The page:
FIG. 2B is a side elevational view depicting a method for fabricating the diaphragm structure.


In a semiconductor diaphragm with P type silicon sensors, the maximum longitudinal piezoresistive coefficient is defined as .pi..sub.L and is +2/3.pi..sub.44. Such a piezoresistive element will have a transverse piezoresistive coefficient of -.DELTA..pi..sub.44 maximum sensitivity in a diaphragm structure, one desirably should eliminate the transverse stress within the active area.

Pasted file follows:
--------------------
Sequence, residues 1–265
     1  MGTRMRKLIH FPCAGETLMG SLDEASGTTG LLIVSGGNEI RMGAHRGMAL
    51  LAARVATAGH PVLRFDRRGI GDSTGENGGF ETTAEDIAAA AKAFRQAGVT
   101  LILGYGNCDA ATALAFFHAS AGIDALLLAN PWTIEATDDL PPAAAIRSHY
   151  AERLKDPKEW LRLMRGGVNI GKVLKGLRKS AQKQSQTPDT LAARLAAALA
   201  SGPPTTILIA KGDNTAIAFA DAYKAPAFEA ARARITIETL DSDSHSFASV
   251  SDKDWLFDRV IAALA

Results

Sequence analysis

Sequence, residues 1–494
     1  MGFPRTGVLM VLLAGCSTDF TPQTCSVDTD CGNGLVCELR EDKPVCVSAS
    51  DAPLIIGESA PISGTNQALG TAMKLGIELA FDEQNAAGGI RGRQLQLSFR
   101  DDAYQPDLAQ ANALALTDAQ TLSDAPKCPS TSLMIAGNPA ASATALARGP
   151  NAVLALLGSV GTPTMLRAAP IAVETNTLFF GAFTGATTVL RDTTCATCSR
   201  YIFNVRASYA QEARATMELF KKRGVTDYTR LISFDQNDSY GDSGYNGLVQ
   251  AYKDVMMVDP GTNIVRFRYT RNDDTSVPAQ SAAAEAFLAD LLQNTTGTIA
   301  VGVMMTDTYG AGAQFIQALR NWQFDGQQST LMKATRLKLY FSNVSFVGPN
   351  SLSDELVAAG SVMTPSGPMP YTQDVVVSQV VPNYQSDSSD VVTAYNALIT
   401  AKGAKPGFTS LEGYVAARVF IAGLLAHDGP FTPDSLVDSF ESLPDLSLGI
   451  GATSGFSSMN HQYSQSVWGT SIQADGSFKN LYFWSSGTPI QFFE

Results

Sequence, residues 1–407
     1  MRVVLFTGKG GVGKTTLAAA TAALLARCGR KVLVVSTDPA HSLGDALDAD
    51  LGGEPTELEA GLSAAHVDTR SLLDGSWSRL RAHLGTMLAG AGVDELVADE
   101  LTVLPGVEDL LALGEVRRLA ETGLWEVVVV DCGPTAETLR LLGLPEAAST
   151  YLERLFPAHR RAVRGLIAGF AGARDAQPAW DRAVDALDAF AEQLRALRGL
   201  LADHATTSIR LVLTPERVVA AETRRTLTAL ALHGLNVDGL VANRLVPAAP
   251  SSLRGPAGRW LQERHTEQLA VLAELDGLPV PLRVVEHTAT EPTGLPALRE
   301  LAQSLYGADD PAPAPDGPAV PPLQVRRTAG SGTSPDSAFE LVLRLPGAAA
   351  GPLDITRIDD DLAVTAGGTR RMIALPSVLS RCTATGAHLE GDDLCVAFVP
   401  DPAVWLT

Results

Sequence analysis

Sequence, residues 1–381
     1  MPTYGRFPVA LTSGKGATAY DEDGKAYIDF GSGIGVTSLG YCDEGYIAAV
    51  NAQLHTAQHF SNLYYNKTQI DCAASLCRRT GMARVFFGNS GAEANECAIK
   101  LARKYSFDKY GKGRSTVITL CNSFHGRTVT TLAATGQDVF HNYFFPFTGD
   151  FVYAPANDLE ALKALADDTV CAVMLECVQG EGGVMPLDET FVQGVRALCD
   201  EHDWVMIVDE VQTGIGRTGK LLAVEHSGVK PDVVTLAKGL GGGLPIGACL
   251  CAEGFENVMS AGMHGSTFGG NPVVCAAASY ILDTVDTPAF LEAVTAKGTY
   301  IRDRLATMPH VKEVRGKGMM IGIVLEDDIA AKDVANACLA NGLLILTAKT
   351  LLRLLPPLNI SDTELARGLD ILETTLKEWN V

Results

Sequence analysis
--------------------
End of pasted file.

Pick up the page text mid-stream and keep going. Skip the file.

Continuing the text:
Referring to FIG. 1, there is shown a rectangular semiconductor wafer 10. The wafer 10 is formed from single crystal silicon having a (110) crystallographic plane. High quality silicon wafers of (110) orientation are readily available in a wide range of thicknesses, surface finishes and conductivity. In such wafers, the orientation is accurately aligned in the (110) orientation within + or -1% of the crystal axis. The wafer 10 has a length to width ratio of greater than 2:1. In this manner, one is assured that the transverse stress approaches its theoretical minimum and the ratio of longitudinal stress to transverse stress is approximately equal to one over Poisson's ratio. This ratio for silicon is approximately 0.3. A recess or aperture 11 (dashed) of a rectangular configuration is shown formed in the surface of the wafer 10. The recess is produced by an anisotropic etching technique to a desired depth. Anisotropic etching of single crystal silicon varies with the crystallographic orientation of the substrate and essentially is an etch whose rate depends upon the orientation of the crystal and is only effective for etching crystals of special orientation.